But critics of the program are not satisfied. First and foremost, Witter and others are calling on CMS to throw out bids by non-licensed companies, but they’re also trying to derail the program’s expansion altogether until the bidding structure — which many economists say is deeply flawed — is reformed.
The bidding program replaces the fee schedule that previously determined prices Medicare would pay for equipment. Under the new auction system, CMS officials select winning companies and then set prices at the median of all submitted bids. CMS officials say it’s a competitive process that helps bring Medicare spending under control by driving down prices for supplies.
At least 244 economists from across the country, however, do not agree.
That group, which includes several experts from Maryland universities, wrote several letters to lawmakers and President Obama imploring CMS be forced to change its system.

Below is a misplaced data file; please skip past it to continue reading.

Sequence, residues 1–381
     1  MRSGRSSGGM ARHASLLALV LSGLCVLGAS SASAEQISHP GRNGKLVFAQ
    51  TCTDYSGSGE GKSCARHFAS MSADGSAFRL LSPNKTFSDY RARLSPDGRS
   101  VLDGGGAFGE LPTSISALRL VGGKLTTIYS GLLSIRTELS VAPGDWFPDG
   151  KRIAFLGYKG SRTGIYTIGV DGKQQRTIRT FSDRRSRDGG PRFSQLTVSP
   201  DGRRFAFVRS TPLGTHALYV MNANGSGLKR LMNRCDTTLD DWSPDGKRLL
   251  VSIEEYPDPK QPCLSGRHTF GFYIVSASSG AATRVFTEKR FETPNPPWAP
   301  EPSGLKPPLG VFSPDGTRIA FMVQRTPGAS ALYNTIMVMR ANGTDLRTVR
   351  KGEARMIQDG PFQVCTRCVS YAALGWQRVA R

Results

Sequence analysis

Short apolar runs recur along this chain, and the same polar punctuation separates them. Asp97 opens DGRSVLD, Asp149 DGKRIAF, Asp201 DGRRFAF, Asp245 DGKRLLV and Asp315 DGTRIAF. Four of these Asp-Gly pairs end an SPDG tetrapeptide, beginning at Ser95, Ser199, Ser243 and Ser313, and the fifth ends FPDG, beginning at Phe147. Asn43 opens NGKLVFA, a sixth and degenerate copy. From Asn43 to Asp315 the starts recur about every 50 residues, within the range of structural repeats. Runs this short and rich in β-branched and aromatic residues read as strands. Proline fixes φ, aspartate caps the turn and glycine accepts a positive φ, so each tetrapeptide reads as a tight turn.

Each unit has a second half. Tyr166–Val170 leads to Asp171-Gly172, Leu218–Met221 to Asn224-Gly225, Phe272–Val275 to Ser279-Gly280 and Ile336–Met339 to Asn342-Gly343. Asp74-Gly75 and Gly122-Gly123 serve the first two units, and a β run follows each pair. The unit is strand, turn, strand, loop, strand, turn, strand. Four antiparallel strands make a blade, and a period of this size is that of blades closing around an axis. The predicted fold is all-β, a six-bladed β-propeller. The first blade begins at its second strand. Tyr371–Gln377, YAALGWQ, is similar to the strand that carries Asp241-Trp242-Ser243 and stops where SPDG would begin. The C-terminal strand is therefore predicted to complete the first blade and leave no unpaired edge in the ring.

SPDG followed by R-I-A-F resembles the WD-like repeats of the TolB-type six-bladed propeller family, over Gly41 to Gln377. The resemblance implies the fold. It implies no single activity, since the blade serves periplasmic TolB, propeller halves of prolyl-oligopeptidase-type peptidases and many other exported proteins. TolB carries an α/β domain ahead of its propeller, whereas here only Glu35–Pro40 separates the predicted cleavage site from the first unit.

“The auction design they’re using is completely non-standard, and there’s no reason to believe it would produce efficient outcomes,” said Lawrence M. Ausubel, an economics professor at the University of Maryland, College Park, who signed the letters. “They’re using an approach that experts in the area think is ludicrous.”
Under the CMS structure, bids aren’t binding — meaning winners can renege on the deal with no penalty. That incentivizes low-balling, Ausubel said. Companies bid low to have the best chance of getting on the list, but if the median price is unsatisfactory, they can simply turn the offer down.
“In Auctions 101, one of the basic principles is that bids need to be binding commitments,” Ausubel said.
Witter said including bids from non-licensed companies in those calculations further perverts the process and that failing to enforce the rules — which required licenses to be in place by March 2012 — is unfair to companies that did comply.
“I know of a number of companies that would have submitted a bid but knew they couldn’t get a license in time, so they didn’t,” he said.